Jesus’ family accuses him of having gone out of his mind. They want him to stop what he is doing. The religious leaders go further. They accuse him of being in the power of evil. Jesus has been casting out demons from people, setting them free from the negativity that has power over them and the religious leaders say, “He has Beelzebul, and by the ruler of the demons he casts out demons.” Jesus responds to the religious leaders’ attack firstly with logic and then with a story, a parable. So often, it is Jesus’ stories that drive home his point. The parable goes like this:

But no one can enter a strong man’s house and plunder his property without first tying up the strong man; then indeed the house can be plundered.(Mark 3:27)

A strange little story. It is about a theft. Jesus’ is likening his bringing in the Kingdom of God to a house break-in. This story is one that biblical scholar Ched Myers viewed as so significant that he named an entire commentary on Mark’s Gospel using its language.

But no one can enter a strong man’s house and plunder his property without first tying up the strong man; then indeed the house can be plundered.

Ched Myers’ book on the Gospel of Mark is entitled Binding the Strong Man.

This short parable tells us how Jesus sees what he is doing. He is breaking into a house where those he would save are captured by, are the property of, the strong man, the evil one. Jesus sees those he heals and teaches and frees from the powers of evil as if they were held in the strong man’s house. His task is to bind the strong man, to overpower evil in the world, and only then can he set all people, all creation, in fact, free. This might seem an extreme way of describing his ministry but Ched Myers reminds his readers when he analyses this parable that the early writers (eg Matthew 24:43) described the Lord’s Advent as a thief coming in the night.[1]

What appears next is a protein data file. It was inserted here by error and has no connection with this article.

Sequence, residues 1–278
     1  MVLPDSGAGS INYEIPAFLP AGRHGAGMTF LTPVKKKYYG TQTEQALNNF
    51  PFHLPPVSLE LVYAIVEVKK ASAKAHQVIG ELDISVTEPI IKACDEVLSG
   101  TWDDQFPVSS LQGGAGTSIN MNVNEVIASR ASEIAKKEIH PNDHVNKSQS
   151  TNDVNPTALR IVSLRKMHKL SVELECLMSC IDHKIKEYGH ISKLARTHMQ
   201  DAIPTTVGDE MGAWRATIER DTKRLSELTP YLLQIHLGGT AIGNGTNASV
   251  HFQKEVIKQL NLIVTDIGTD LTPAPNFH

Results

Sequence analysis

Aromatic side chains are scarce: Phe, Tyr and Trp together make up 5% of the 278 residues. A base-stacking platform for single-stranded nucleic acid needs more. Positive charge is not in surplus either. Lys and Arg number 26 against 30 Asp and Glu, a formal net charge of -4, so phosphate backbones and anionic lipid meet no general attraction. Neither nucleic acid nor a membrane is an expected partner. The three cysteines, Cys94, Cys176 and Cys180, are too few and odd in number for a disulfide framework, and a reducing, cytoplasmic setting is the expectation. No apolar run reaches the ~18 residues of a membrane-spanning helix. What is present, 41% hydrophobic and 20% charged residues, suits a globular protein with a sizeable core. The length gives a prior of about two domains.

This parable is Jesus’ response to accusation of the religious leaders that when he frees people from evil, he is in the power of evil himself. He says more than this, though. He says more than this about those who name him in the power of evil.

‘Truly I tell you, [Jesus says to them], people will be forgiven for their sins and whatever blasphemies they utter; but whoever blasphemes against the Holy Spirit can never have forgiveness, but is guilty of an eternal sin’— 30for they had said, ‘He has an unclean spirit.’

Jesus raises the deeply troubling idea of a sin that can never be forgiven, sometimes called the “unforgivable sin” or the “sin against the Holy Spirit”.  And Jesus accuses the religious leaders of this sin when they say he is acting on behalf of evil. Ched Myers describes the unforgivable sin in this way:

“The real sin against the Holy Spirit is refusing to recognize, with “theological” joy, some concrete liberation that is taking place before one’s very eyes.” [2]